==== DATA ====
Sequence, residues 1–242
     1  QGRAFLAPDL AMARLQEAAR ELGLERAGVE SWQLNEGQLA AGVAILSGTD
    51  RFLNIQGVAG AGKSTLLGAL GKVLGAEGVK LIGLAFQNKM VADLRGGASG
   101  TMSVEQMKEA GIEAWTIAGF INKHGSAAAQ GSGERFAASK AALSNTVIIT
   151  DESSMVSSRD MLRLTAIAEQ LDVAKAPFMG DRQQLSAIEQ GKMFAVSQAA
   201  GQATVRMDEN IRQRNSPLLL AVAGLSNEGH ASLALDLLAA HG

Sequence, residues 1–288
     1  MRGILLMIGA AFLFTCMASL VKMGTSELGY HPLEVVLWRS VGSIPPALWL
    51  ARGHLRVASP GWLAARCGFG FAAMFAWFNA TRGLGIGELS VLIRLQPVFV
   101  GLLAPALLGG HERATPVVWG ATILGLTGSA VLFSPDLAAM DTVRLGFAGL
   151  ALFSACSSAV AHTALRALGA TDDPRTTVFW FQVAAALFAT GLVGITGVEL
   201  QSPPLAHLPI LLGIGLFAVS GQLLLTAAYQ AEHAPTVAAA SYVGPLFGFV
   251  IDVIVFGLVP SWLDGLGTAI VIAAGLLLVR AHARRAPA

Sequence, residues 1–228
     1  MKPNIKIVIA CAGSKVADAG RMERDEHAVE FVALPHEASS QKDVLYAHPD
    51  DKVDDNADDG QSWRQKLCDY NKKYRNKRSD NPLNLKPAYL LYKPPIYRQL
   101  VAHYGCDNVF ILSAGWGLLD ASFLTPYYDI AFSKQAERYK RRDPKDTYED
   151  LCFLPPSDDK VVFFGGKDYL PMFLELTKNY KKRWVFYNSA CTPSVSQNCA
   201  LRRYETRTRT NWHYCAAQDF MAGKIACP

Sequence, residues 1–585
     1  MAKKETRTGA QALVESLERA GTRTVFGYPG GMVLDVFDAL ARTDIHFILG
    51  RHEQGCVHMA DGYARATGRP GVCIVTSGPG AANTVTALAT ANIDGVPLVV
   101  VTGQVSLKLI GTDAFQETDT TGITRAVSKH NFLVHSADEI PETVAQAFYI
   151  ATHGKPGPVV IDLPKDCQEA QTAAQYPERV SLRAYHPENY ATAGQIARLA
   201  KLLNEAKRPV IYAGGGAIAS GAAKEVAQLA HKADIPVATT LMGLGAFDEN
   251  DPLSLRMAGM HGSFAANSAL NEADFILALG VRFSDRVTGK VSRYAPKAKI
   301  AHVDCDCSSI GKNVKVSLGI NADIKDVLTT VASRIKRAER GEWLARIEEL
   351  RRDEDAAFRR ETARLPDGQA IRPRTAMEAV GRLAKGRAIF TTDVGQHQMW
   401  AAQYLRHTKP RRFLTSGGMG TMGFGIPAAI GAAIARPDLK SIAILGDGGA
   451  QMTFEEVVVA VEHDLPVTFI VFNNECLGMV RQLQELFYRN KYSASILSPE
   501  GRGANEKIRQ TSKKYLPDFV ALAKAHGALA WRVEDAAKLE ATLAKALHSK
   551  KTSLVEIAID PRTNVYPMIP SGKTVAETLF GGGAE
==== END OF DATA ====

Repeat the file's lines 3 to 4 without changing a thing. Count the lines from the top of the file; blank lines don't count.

    51  RFLNIQGVAG AGKSTLLGAL GKVLGAEGVK LIGLAFQNKM VADLRGGASG
   101  TMSVEQMKEA GIEAWTIAGF INKHGSAAAQ GSGERFAASK AALSNTVIIT